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In Wake of Shooting, Experts Say Kids May Experience Trauma

Sunday, December 23, 2012

Angels hang from a tree outside of St. Rose Church in Newtown, Conn., after the deadly shooting at nearby Sandyhook Elementary School. Angels hang from a tree outside of St. Rose Church in Newtown, Conn., after the deadly shooting at nearby Sandyhook Elementary School. (Stephen Nessen/WNYC)

The children who lived through the Connecticut school shooting could have trouble concentrating or become more irritable.

Moira Rynn, deputy director of research psychiatry at Columbia University, says young children may not have the ability to articulate what they're experiencing.

“[The kids] may not talk about the actual event, but they will do very traumatic type play, with their toys and their dolls,” Rynn said. “They may not talk about a specific event, but you will see them acting out dangerous things happening to the doll they loved.”

Rynn says parents should provide a safe environment for children to express their feelings, have a dialogue and stick to their routine and reach out to experts if the symptoms persist.

Judie Alpert, a professor of applied psychology at NYU, says that while children have different and varied reactions to traumatic events, many are also able to put it behind them.

“We have to expect this grieving, this inability, difficulty sleeping initially,” Alpert explained. “But in time most people are quite resilient and just get on with their lives. This goes for adults and children.”

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Comments [3]

k webster from nyc

Yes of course Carol - use whatever I've written if you find it helpful. And thank you for your comment!

Jan. 04 2013 03:09 PM
Carol Campbell from long island, new york

This horrific event has provided my undergrad college students in Psych 28 (Stress & Coping in Children & Adolescents) with plenty of real world data for our course final exam (just completed). In studying this universally significant event, my concern was for my own students' existential (conscious and un)issues; so, I set up a memorial of a candle, a list of the lost and news articles about the shooting for those who wanted to read (but I did not require it). Rather, I had them read a article from authoritative experts about how to help parents and children process this event from a developmental perspective. My students are elementary education, art therapy and psychology majors. In January, I will be teaching Psych 27 (Play and Play Therapy). I would like to ask K Webster if I may print and copy the comments as an article to share with the class on the first day of the term; and, I invite all of you who are doing play and play therapy with your students, clients and patients to keep in touch and share your wisdom. I hope that some of my students will pursue a career in play therapy and it would be wonderful for them to dialogue with professionals in the field doing this work. The loss of these children and their teachers and administrators will make us all crazy if we do not have a meaningful discussion about protecting AND reassuring children and their parents. I am a scientist as well as a teacher and a therapist; so, I am well aware of statistical incidence suggesting that our fears are unwarranted and irrational about this happening again. Nevertheless, the human mind and heart dictate otherwise. Our human nature to nurture and protect and be protected must be addressed for us to "feel safe enough", whether we are children or not.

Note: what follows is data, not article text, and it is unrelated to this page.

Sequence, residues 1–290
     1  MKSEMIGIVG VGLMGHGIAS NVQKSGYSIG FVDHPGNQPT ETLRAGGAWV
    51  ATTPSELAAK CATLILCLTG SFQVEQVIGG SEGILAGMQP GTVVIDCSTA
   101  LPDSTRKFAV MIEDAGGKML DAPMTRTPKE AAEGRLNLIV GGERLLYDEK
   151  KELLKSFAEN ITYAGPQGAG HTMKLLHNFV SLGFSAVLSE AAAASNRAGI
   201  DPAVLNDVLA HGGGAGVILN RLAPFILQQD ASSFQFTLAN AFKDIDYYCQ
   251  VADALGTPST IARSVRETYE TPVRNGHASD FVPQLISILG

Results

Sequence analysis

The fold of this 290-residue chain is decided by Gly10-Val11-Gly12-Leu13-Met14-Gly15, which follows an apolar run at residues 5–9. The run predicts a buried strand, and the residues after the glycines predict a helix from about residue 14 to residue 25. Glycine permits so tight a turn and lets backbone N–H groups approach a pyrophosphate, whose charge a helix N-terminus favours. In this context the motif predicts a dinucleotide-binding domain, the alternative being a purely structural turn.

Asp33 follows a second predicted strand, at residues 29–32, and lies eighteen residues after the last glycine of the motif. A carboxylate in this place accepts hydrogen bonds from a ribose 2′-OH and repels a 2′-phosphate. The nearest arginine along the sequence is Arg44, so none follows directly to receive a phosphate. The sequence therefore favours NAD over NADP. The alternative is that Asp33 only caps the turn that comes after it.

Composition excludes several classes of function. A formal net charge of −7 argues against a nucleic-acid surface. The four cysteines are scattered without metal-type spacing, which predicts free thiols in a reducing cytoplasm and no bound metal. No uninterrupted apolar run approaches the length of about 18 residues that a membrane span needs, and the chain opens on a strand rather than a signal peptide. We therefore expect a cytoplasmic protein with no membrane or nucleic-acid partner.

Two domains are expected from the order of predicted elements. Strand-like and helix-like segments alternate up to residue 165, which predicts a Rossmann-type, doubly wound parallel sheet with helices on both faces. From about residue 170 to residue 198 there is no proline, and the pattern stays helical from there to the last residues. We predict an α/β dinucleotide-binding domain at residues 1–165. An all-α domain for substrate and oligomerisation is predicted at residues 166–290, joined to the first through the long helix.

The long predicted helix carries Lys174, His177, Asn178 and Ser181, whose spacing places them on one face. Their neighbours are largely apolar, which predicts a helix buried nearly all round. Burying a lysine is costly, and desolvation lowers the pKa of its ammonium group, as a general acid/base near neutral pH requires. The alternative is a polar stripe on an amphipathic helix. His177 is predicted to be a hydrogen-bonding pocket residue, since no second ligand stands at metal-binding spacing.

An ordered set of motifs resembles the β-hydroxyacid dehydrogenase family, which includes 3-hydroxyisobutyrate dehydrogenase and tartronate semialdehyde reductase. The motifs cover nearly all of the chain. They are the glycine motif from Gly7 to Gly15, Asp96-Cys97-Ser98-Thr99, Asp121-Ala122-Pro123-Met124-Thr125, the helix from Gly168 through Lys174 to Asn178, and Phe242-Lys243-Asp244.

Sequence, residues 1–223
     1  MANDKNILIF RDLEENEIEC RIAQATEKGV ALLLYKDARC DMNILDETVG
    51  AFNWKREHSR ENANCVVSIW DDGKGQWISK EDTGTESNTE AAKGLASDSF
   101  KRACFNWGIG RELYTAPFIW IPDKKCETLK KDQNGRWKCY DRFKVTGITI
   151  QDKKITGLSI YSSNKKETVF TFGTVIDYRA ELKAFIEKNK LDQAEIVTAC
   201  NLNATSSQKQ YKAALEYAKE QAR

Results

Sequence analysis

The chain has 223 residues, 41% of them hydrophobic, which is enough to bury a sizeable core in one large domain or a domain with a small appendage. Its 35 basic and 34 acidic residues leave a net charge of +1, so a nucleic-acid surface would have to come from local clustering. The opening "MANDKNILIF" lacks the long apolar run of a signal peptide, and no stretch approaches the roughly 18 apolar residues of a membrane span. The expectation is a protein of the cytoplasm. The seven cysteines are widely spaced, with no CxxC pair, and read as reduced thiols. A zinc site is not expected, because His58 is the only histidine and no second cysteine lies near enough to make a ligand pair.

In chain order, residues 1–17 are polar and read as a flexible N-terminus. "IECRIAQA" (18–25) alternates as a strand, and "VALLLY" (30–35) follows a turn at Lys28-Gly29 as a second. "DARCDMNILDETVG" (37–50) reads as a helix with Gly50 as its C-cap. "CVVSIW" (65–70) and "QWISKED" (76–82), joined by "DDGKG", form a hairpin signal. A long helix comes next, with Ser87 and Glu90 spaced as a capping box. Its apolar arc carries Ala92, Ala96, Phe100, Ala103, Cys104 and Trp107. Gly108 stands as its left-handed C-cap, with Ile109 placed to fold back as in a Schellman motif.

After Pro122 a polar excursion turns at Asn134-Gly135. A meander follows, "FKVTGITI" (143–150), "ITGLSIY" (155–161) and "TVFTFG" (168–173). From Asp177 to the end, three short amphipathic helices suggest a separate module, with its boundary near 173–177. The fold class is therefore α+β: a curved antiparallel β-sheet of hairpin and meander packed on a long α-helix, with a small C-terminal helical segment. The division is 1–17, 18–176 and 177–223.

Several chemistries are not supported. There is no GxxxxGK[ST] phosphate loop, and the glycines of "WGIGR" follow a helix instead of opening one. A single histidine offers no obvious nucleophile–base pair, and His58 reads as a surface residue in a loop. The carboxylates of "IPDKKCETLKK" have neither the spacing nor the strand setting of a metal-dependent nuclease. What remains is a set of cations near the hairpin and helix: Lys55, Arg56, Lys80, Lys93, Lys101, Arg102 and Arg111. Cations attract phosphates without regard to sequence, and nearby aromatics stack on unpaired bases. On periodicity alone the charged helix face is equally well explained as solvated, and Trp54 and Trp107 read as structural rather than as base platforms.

Dec. 23 2012 12:23 PM
K Webster from nyc

After 9/11 our playgroup experienced similar reactions - children literally flying toy airplanes into dollhouses. They would play this many times and, depending on how sturdy the adults were, they would alternately laugh, yell, tremble and even cry.
If adults can remember that this is how children "work" on terrible events that they've witnessed, children can rid themselves of a great deal of the hurt from these traumas. It's helpful to remember not to "look down on" their way of shedding these awful events - a broken cookie can set off streams of necessary tears. They are quite smart in how they find "little" ways of showing - that don't bring too much adult upset. We need to pay attention, follow their lead in play and keep them close (sometimes closer than they feel they can tolerate - it's easier to feel things when near a safe person but not always fun).
I would also say from our experience, that if a child ISN'T showing signs of upset that more attention needs to be paid because that generally signals they've gone underground with their feelings. In that case we would find time to purposefully follow their lead in a long play time - not worry about what they came up with - just follow. Afterwards most of the children could find their feelings and express them with greater ease.
It's normal to be upset - it was horrific- they know that. You don't want to tamp down their upset or distract them from noticing it but we found it useful to find things that would remind them of how good the universe is. Every child's needs will be different and parents should trust their knowledge of their child to find what helps them remember the goodness of life.

Dec. 23 2012 11:44 AM

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